And when it comes to writing–boy, do I have some expectations about that. I expect myself to write consistently, ideally an hour or two every morning before I go do some laundry or whatever. I expect my ideas to come regularly (but not overwhelmingly). I expect the words to come easily. I expect myself to always balance perfectly the need to write and writing for money and writing becoming addictive again and writing what I love and writing well. And then I get so frustrated when, oddly, I am not perfect. And, see, I can recognize that these expectations are ridiculous, too, but that isn’t that helpful when I’m in the midst of feeling like a worthless writer because I have no ideas or haven’t blogged in two weeks, or like a worthless human being because I’ve fallen into addictive, destructive behaviors towards stories, or like a failure because I want to write so much that I sit at my computer and watch Netflix because sometimes feelings are just too overwhelming. 

And, yes, recognizing a problem is the first step in solving it. Sure. But I’ve always struggled with this and I suspect I always will. I struggle with my ridiculous expectations, but I’ve also been doing the work to let those expectations go.

Rest

Sleep. Prayer. Exercise. Reading a good book; working on a craft project, a hobby, a labor of love. 

Rest.

I don’t rest. I don’t feel like I do enough in a week to “deserve” it, and so instead I shoehorn in an episode of something here, twenty guilty minutes of reading there. Guilty time, when I could be doing something else–should be doing something else. It’s not terribly restful; if anything, it’s time when I “give myself a break” by doing something I don’t have to think about much, and end up feeling even more tired and frazzled than when I started. Maybe it’s the guilt; maybe it’s the looming threat of unproductivity; maybe it’s that not thinking isn’t really that restful. Maybe it’s because getting sick of working and so casting about for anything to fill the time with that isn’t “productive” isn’t really that restful.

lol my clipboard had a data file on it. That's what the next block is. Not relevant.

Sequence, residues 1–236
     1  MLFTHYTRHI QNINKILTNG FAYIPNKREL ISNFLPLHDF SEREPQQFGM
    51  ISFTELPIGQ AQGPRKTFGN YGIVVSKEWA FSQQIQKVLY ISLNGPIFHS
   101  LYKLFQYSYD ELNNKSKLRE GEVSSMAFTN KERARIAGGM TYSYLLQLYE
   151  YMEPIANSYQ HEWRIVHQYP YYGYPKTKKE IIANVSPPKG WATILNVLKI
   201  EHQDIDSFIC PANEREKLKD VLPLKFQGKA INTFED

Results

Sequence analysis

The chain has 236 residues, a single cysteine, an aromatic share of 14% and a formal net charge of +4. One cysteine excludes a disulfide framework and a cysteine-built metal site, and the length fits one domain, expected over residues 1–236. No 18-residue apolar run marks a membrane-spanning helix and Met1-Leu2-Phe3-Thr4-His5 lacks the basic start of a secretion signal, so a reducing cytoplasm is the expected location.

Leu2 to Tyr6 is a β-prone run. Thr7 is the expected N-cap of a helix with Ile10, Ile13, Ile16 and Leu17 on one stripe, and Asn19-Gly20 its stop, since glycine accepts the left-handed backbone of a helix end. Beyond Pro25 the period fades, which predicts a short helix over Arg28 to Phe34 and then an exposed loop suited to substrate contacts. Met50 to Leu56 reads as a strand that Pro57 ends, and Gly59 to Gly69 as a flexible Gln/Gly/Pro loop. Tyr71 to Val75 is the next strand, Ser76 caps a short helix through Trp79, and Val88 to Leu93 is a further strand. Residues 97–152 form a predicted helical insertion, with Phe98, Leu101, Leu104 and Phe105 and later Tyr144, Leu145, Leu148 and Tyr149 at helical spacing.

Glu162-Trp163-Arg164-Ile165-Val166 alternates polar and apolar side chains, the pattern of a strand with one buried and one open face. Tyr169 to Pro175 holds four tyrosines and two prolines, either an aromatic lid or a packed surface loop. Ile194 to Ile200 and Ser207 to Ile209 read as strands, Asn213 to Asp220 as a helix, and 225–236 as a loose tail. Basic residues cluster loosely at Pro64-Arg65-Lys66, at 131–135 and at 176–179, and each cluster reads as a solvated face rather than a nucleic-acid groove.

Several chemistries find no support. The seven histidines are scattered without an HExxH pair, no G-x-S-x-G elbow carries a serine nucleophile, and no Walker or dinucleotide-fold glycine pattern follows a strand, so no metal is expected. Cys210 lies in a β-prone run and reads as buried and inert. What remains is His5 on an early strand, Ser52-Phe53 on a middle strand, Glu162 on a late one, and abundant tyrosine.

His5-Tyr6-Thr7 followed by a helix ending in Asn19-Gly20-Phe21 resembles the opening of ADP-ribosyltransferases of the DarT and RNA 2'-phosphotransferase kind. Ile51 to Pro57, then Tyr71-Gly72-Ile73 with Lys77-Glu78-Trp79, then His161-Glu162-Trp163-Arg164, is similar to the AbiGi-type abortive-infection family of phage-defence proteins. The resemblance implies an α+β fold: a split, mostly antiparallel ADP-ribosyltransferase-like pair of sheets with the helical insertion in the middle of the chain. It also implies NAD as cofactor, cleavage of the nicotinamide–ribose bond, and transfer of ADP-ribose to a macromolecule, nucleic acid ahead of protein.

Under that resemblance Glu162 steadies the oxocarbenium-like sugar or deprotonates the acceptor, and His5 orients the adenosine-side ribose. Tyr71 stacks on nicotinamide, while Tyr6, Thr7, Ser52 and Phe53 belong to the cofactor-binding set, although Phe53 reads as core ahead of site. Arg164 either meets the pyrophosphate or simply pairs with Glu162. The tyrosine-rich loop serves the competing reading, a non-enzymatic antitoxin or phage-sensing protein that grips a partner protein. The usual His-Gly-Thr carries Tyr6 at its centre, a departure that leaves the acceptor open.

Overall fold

One of the books I read mostly in guilty spurts was Barbara Brown Taylor’s Leaving Church–except, of course, once I got to the second half of the book it was impossible to feel guilty about reading it. It got beautiful and emotional and true. I read huge chunks of it and it was restful. In it, she narrates her journey from working as a pastor to working as a professor, and all these things she realized about church and herself once she wasn’t working at a church anymore. I was struck by many of the things she wrote, but most immediately by her chapter on Sabbath. She writes of the struggles and joys of setting aside a day where there’s no housework, no work, just worship and the things that you enjoy doing–the things that refresh you.

I used to do that. I was really good at it in college–I would take walks, and read books that needed attention like Shakespeare and a history of biological thought and epic poems. I would reflect on my week, and avoid homework, and spend time with friends. It was wonderful, too–I admit, I’m not sure why I stopped, can’t quite remember. But I did. I haven’t kept a good, intentional Sabbath in–far too long. (I’m not not being cagey or intentionally obscuring an embarrassing number; I really can’t remember the last time I had a true Sabbath)

And I’m tired. I need to start again.

I have, actually: last week I took a Sabbath, and it was difficult and joyful just like Taylor described it. I rode the full ride, from ‘This is so wonderful and restful!’ to ‘I want to do something productive!!!’ I’m excited to continue that this week, and next week, and on and on. I’m excited to remember that everything does not rest on my shoulders, that leaving some dishes another day will not end the world, that deserving and productivity and everything else that I put in quotation marks above doesn’t mean the constricted, guilt-laden things I put on them. They’re not the be-all, end-all of my life. I can let them go for a day, and when I pick them up again later they’re not quite so heavy and bent out of shape.